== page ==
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Defra urged to recognise crucial role of modern organics in UK’s farming future

Date Published: 18/11/2017

OF&G has welcomed the government’s pledge to put soil health at the heart of its approach to improving the environment and developing future farm policy.

But it warned DEFRA against thinking that organic farming systems did not offer high-tech, modern solutions to the challenges around  food production.

Speaking to EU organic farm leaders on Friday (17 November), farm minister George Eustice said that government proposals around the long-term sustainability of UK agriculture have to focus on improving soil health.

To help create more fertile soils, he said the government wanted to invest in research to learn how ‘traditional’ organic farming practices can merge with ‘modern’ farming systems to create a more sustainable approach to soils.

Lessons from the organic sector

“As we contemplate future agricultural policy, we ought to strive to achieve a fusion between [organic’s] traditional farm husbandry with some of the best modern technology we have,” he told the IFOAM EU conference in Reading via video link.

“Defra is about to open an R&D tender to explore how we can learn lessons from the organic sector…. and how we can transfer them to our wider approach to agricultural policy and our wider approach to soils.

“No one understands more than organic farmers the value of a fertile soil that’s cared for,” he added.

“You recognise more than anyone else that the soil cannot be mined; it is something that must be nurtured and cared for and if you nurture it properly it will repay you.”

Cutting-edge of ecological innovation

Roger Kerr, OF&G chief executive, said it was encouraging to hear that the government is looking to the organic sector for solutions.

But he challenged the suggestion that organic farming only uses traditional systems and does not embrace new technologies and modern techniques, and said organic is in fact at the cutting-edge of ecological innovation.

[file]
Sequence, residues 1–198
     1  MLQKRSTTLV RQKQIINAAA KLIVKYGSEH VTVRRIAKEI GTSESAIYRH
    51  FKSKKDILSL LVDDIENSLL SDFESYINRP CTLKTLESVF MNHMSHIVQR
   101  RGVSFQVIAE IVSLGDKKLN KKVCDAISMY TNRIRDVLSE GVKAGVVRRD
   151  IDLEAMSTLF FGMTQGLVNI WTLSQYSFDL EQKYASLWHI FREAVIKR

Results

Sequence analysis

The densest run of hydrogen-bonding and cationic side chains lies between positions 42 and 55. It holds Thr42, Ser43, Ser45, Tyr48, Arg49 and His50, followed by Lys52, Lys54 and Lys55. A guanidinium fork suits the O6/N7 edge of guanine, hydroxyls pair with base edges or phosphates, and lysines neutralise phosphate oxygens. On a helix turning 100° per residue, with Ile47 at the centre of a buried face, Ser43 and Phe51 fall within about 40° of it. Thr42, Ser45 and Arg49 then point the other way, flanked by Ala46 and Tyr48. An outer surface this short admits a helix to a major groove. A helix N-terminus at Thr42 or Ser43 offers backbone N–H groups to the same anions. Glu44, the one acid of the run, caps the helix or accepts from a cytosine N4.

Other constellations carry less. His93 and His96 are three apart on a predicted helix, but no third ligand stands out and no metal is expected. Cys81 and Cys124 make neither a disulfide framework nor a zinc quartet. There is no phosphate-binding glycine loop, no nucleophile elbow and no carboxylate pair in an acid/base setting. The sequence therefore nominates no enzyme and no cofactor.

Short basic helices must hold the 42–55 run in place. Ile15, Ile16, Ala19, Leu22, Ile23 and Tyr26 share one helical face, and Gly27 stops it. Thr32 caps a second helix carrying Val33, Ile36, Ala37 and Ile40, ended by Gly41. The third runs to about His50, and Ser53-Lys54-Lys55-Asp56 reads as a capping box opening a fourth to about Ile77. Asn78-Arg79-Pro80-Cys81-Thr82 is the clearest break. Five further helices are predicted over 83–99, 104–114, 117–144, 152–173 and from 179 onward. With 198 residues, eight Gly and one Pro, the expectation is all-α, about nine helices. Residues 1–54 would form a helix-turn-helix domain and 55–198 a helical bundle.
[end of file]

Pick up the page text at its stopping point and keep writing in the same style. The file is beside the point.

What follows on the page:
“As we enter a new era for UK agricultural policy, it’s heartening to see that the government has listened to our calls for a long-term approach which focuses on the importance of our soils,” he said.

“To achieve truly sustainable, healthy, productive and profitable food and farming systems, it’s vital that the future of our soils are put at the centre of agricultural policy.

“Organic systems offer so much in terms of soil health and wider environmental benefits, and it is encouraging to know that Defra minister Michael Gove and his wider team are looking to the organic sector for answers.

“Where we clearly need to do more work is ensuring Government understand that organic systems are not just an adjunct to modern farming, they are a critical cornerstone of it,” he added.

“Some of the most progressive, entrepreneurial and innovative farmers in Britain are organic, and countless organic producers are already making use of the most high-tech tools and techniques available to produce healthy soils, and sustainable, plentiful supplies of high-quality food.

“We look forward to working with Mr Gove and his colleagues in Defra to help them understand this.”

OF&G have produced a policy document on public goods. For more see here –

An organic systems approach to the provision of public goods

Watch George Eustice’s video message: